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Given:

$f(t)=500(1.1)^t$

How would I mathmatically solve for:

$f^{-1}(3000)$

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    $\begingroup$ Solve $3000=500(1.1)^t$. First divide both sides by $500$, then take logs... $\endgroup$ Commented Sep 8, 2013 at 23:16
  • $\begingroup$ @DavidMitra That would be for $f(t)$, not $f^{-1}(t)$. $\endgroup$
    – Don Larynx
    Commented Sep 8, 2013 at 23:18
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    $\begingroup$ No @DavidMitra is right . $\endgroup$
    – what'sup
    Commented Sep 8, 2013 at 23:19
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    $\begingroup$ @Jossie $f^{-1}(3000)$ is the value $t$ for which $f(t)=3000$. $\endgroup$ Commented Sep 8, 2013 at 23:19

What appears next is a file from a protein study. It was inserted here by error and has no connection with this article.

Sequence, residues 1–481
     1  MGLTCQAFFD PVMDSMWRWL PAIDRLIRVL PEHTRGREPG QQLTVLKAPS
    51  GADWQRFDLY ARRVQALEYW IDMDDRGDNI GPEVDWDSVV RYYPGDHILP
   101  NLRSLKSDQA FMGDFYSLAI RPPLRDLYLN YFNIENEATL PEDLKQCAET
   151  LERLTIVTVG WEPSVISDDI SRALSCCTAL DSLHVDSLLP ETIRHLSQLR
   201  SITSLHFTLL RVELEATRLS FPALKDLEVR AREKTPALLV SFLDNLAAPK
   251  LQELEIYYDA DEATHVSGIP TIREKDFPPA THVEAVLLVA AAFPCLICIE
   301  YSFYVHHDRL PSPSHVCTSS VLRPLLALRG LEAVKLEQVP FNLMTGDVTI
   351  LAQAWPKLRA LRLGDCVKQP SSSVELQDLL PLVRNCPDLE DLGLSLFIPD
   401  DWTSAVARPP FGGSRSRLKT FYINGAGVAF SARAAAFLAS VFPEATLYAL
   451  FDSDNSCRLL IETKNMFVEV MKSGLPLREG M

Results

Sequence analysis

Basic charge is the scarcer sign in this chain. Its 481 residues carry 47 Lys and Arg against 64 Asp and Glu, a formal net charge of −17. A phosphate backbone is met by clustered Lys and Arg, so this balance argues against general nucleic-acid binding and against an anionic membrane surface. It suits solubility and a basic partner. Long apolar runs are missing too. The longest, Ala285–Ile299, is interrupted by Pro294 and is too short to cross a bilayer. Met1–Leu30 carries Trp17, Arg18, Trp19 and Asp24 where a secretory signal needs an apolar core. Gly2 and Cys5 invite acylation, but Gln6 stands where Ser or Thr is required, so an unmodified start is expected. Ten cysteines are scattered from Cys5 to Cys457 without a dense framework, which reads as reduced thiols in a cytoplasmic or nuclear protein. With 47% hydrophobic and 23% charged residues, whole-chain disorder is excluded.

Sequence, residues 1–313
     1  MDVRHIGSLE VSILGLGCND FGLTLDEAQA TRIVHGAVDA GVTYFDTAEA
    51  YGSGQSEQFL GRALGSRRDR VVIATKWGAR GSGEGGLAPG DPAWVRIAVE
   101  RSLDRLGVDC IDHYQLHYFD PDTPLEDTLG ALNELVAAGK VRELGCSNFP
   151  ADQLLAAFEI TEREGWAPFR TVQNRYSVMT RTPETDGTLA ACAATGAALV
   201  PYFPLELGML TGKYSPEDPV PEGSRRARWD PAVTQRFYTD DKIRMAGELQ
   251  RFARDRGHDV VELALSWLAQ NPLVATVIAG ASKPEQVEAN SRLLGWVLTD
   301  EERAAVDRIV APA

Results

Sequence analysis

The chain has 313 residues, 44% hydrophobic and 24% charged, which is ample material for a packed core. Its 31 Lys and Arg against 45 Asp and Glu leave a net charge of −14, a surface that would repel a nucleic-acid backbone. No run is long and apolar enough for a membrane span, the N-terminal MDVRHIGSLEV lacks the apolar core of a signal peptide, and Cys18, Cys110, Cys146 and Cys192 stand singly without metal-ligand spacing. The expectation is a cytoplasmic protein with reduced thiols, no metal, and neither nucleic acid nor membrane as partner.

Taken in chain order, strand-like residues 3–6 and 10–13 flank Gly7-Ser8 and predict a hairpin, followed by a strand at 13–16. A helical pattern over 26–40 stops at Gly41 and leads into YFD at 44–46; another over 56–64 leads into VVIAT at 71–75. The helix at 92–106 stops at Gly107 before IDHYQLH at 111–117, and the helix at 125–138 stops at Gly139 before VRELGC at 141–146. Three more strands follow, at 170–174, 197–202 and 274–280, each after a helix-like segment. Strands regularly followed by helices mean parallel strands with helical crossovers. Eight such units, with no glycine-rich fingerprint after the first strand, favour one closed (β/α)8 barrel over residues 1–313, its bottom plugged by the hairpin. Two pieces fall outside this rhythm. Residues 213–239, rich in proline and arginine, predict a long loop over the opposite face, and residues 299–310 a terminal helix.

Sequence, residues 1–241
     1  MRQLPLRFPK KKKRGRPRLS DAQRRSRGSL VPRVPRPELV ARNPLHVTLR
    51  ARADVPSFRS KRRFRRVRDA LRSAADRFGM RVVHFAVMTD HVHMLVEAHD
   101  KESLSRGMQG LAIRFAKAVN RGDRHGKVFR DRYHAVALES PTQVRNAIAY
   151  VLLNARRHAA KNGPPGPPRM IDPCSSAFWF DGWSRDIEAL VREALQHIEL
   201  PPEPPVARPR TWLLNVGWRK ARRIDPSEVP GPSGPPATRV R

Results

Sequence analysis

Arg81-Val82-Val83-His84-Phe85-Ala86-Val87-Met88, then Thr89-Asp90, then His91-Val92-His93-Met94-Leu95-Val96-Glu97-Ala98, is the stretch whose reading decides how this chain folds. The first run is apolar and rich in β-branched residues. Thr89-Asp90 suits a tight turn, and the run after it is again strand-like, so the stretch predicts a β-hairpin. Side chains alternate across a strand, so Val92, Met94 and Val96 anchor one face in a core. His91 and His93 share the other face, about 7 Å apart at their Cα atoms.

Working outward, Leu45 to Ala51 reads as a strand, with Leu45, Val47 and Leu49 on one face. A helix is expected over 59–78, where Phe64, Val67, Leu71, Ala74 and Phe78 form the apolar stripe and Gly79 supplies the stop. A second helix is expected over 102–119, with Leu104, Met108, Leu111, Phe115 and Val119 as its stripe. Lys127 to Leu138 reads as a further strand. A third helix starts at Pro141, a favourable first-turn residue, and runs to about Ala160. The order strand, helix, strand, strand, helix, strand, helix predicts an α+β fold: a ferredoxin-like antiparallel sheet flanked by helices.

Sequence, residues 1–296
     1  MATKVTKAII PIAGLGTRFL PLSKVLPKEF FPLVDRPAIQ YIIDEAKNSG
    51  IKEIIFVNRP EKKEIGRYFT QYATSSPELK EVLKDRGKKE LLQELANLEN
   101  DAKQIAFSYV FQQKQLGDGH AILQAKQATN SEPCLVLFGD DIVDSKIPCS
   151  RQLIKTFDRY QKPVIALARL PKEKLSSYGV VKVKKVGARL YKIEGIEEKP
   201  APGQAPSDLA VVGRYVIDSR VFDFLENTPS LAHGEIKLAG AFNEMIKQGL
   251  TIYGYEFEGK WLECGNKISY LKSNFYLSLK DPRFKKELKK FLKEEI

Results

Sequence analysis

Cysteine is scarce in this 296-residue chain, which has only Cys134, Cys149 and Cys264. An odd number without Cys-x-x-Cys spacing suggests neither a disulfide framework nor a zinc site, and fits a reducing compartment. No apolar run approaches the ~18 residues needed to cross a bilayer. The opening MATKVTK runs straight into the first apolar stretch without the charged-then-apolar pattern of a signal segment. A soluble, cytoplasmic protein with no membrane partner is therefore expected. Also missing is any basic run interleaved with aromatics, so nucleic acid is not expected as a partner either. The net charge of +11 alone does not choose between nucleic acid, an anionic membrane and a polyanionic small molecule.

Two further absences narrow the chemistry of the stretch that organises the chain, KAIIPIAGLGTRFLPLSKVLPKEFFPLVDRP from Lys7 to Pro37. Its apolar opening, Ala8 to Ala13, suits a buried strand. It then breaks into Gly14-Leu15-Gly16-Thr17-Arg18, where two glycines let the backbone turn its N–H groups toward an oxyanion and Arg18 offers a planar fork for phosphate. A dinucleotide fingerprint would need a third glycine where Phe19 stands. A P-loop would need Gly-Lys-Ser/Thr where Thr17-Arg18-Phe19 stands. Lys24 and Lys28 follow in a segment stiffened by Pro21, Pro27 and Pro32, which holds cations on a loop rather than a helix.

• $\begingroup$ @Jossie $ f(t) = 500(1.1)^t \Rightarrow f^{-1} ( 500(1.1)^t ) = t $ $\endgroup$
    – what'sup
    Commented Sep 8, 2013 at 23:20

2 Answers 2

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An easier suggestion: \begin{align*} &3000=500(1.1)^{t} \Longrightarrow\\ &6 = (1.1)^{t} \Longrightarrow\\ &\ln{6} = t \ln{1.1} \Longrightarrow\\ &t = \frac{\ln{6}}{\ln{1.1}}\Longrightarrow\\ \end{align*} So if we have the coordinate pair $\left(\frac{\ln{6}}{\ln{1.1}}, 3000 \right) \in f$, then
$\left(3000,\frac{\ln{6}}{\ln{1.1}}\right)\in f^{-1}$
Yielding $$f^{-1}(3000) = \frac{\ln{6}}{\ln{1.1}}$$

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1) Reverse $f(t)$ and $t$

$t = 500(1.1)^{f(t)}$

2) Solve for $f(t)$ (which is really now $f^{-1}(t)$)

Hint: use logarithms

3) Plug in $f^{-1}(3000)$.

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